On Sat, 17 Feb 2007 00:52:35 -0800, Jens Wilkinson 
<[log in to unmask]> wrote:

>> Den 2007-02-15 19:40:16 skrev James Chandler
>> <[log in to unmask]>:
>> >
>> > I'm sure this depends a lot on the part of the
>> world
>> > you are in.  I remember that one of the first
>> people
>> > who saw me using Ido (a colleague at uni) had
>> exactly
>> > this reaction (the "me Tarzan", pidgin English
>> > reaction - I think he also scoffed at mea =
>> my/mine).

You should have just replied, "Mea culpa."

>> > I worry that we drive more discerning, educated
>> people

Who don't know Latin...

>> > away from the idea by using object forms as
>> subjects.
>There was another interesting thing in James' post. He
>mentioned that the leadership wouldn't adopt new
>words. But could you imagine an American novelist
>deciding to give up and learn Spanish because the
>American leadership wasn't adopting new words? It
>would never happen. People just make up words when
>they need them. Why is it that auxlangs have this kind
>of idea that somebody needs to approve things? That's
>one thing I won't do in Neo Patwa, is decree that
>anything has to be approved in a committee somewhere.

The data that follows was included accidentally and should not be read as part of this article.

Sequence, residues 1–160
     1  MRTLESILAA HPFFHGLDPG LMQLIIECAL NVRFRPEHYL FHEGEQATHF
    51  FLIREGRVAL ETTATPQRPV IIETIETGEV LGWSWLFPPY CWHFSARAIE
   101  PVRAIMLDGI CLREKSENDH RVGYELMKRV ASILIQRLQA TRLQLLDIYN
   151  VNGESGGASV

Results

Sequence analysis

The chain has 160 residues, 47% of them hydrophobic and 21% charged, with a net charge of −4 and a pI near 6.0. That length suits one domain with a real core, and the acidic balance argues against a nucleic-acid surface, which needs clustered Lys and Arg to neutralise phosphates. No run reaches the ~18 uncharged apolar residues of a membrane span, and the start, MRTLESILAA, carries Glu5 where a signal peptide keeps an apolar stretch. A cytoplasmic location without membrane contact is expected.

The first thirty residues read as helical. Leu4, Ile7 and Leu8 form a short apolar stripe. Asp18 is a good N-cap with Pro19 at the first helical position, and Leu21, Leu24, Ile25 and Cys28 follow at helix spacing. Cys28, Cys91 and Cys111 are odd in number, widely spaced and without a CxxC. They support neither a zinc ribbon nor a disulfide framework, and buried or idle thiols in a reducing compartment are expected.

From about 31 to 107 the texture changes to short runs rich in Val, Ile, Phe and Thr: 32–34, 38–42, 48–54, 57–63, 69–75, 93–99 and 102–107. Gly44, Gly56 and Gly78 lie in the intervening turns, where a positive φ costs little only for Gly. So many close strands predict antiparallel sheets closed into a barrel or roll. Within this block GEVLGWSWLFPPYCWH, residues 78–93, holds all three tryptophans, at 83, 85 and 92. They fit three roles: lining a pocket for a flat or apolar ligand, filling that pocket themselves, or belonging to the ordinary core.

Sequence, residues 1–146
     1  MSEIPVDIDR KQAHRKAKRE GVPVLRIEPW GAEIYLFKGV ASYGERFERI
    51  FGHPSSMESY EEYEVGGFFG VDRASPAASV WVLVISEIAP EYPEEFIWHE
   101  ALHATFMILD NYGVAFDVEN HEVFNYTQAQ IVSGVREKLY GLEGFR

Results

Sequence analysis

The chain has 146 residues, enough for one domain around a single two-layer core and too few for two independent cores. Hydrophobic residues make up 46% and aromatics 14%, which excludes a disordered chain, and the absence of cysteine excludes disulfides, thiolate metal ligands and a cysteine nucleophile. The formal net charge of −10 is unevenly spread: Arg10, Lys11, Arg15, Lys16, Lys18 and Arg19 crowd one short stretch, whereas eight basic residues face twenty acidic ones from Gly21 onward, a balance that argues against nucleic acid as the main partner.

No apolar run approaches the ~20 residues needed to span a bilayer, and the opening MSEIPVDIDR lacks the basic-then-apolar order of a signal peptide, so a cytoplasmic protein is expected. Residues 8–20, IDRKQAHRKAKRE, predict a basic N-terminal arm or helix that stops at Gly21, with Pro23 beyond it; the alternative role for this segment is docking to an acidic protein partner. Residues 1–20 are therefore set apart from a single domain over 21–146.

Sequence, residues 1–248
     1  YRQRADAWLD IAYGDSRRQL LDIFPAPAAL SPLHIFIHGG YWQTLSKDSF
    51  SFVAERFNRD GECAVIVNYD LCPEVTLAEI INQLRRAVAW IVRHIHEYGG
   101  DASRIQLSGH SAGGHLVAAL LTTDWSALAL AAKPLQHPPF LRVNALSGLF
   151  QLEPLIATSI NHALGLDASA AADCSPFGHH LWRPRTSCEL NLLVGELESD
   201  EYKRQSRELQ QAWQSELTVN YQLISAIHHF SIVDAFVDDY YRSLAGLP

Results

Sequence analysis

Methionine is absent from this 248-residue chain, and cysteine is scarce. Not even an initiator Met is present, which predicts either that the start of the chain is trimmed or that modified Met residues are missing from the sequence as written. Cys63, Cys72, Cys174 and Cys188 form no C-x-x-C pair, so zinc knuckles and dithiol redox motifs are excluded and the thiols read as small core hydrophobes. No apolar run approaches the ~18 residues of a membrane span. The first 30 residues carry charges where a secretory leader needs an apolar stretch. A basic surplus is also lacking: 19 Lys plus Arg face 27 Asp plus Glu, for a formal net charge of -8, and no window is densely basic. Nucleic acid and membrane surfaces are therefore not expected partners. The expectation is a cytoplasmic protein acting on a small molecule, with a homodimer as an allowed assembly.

>It will definitely be anarchy. :)

I wondered about this too. I posted some months ago that I thought the 
typical Idist attitude toward neologism was handicapping writers. Case in point.

But consider Eo: writers neologize and otherwise mess with the language all 
the time. I've seen some that put an explanatory note on vocabulary or usage 
somewhere, but they don't go sticking asterisks on things. And if a form is 
eventually made official, well and good. But they don't wait. Eo has standards, 
which are necessary--anarchy sounds cool, but it's a pain in the field. (And 
possibly elsewhere.) But they aren't a straitjacket, either.

And that is one of the reasons why Eists probably put more content on the 
Web in a month than Idists put there in a year--or five.